Barry Taylor spent his youth traveling the world with the Australian rock and roll band AC/DC. Today he teaches theology and culture at Fuller Seminary in California. Sex, God, and Rock and Roll collects his memories together, giving us a picture of the way his life unfolded as well as connecting the former (rock and roll) to the latter (theology).
Because of Taylor’s deep immersion in the music scene, his theology is developed in a musical key. “I approach my theological work from a musical perspective,” he says, “I look for the melody, rhythm, and beat of Scripture, and I try to grasp the emotional arc of what I find.”
Most theology is heavily rational. Christian philosopher Jamie Smith has cautioned us about imagining ourselves as “brains on sticks.” There’s far more to what it means to be human (and to live a fully human life) than the narrow parameters of the intellect. But other than people like Jeremy Begbie, there are few theologians who are able to break out of the cognitive straitjacket and utilize musical insights when it comes to reflecting on God.
For those who are musical, some of the implications of Taylor’s approach to theology might sound familiar. To learn and become proficient at performing a piece of music as a whole, it needs to be broken down into manageable bits. So too, Taylor says, about theology and God: we need something “akin to the philosophical notion of deconstruction … a radical theology idea of getting down to the roots.” But this should not be taken to mean destruction, but rather that Scripture “probably has more to say than we have allowed. We have failed to listen and let the text truly speak.”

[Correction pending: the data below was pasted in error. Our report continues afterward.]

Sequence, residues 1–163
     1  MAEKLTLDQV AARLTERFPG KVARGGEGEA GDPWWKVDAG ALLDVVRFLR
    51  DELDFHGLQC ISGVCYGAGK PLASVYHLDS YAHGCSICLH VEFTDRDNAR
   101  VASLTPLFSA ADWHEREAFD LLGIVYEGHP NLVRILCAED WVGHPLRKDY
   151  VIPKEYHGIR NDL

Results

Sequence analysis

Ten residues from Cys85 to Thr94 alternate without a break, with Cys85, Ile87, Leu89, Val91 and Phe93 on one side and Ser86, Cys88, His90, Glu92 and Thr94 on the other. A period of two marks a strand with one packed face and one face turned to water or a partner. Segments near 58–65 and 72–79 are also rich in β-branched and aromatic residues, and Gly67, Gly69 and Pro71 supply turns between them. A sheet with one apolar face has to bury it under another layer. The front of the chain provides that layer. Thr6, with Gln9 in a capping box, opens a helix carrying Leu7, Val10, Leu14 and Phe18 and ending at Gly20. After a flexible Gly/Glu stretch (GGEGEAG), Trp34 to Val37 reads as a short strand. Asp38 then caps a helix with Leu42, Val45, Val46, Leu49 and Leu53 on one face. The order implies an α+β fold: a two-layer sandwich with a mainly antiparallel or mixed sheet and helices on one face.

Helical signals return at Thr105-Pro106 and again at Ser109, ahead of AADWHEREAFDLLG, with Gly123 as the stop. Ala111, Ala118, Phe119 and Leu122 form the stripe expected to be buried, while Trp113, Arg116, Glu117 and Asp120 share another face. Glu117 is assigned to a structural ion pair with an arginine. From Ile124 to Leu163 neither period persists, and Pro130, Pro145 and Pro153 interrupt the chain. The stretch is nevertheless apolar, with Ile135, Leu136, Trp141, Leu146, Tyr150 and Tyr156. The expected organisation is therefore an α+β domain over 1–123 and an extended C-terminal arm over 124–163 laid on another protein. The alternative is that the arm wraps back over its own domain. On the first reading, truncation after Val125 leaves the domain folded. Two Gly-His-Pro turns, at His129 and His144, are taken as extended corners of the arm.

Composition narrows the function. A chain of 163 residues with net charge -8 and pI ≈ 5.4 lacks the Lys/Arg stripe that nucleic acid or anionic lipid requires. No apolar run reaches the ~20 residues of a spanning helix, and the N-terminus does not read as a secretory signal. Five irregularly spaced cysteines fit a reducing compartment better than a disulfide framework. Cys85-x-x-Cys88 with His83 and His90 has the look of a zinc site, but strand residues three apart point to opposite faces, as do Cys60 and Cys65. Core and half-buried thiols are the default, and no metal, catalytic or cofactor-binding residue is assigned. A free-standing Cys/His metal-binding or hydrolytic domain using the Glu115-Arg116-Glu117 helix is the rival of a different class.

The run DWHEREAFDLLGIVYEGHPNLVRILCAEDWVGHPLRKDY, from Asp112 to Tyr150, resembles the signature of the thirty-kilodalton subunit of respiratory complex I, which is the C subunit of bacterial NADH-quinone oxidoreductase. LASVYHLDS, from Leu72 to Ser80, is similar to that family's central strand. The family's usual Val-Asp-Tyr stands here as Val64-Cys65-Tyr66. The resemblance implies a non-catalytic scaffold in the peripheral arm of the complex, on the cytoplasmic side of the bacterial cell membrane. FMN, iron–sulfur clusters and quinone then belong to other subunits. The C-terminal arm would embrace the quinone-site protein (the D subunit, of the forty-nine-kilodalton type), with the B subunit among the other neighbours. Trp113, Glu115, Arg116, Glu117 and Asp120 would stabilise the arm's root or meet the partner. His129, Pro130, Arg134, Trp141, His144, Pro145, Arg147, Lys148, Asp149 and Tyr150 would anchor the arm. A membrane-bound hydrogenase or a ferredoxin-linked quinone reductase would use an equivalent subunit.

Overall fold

For Taylor, this need for letting Scripture truly speak to us about God is most relevant when it comes to the contemporary fascinations with individual spirituality and institutional religion. Having grown up and lived within the hippie counterculture, Taylor relates many bizarre stories of individual spirituality. But now teaching within evangelical seminaries and churches, he also speaks of how we limit God to our favorite dogmatic boxes.
This is where music and theology converge for Taylor: in recognizing that neither individual spirituality nor institutional religion lie at the heart of what Scripture is seeking to point us toward. As he says, “the real radical move is not to reject spirituality in favor of religion (or vice versa, I’d want to add), but to reject both. Both are compartmentalized forms of faith and belief.”
This is the unfortunate reality theologians and Christians confront today: God has been limited to the categories of “religion” or “spirituality.” But as Taylor says, if the resurrection of Jesus and the tearing of the temple curtain mean anything, they are “a sign that God is out of the religion business.” This is what the New Testament makes clear when we’re able to get back to the roots of it: the resurrection of Jesus is the event in which God busts out of all our manufactured confines and launches himself into the whole world of his Creation that in love he is redeeming.
It is this idea of a world-engaging God, which flows into a world-engaging discipleship, that Christians through the centuries have picked up on here and there. Reformed theologian Abraham Kuyper was one recent proponent of the idea from our own tradition. But as much of Christian culture in North America slides back to a dualistic mindset when it comes to the church and the world, sin and salvation, who will keep playing the music of this radical theological idea in a captivating and joyful way? In this regard, I found Taylor helpful. My theological foot tapped along with his beat. (Fortress)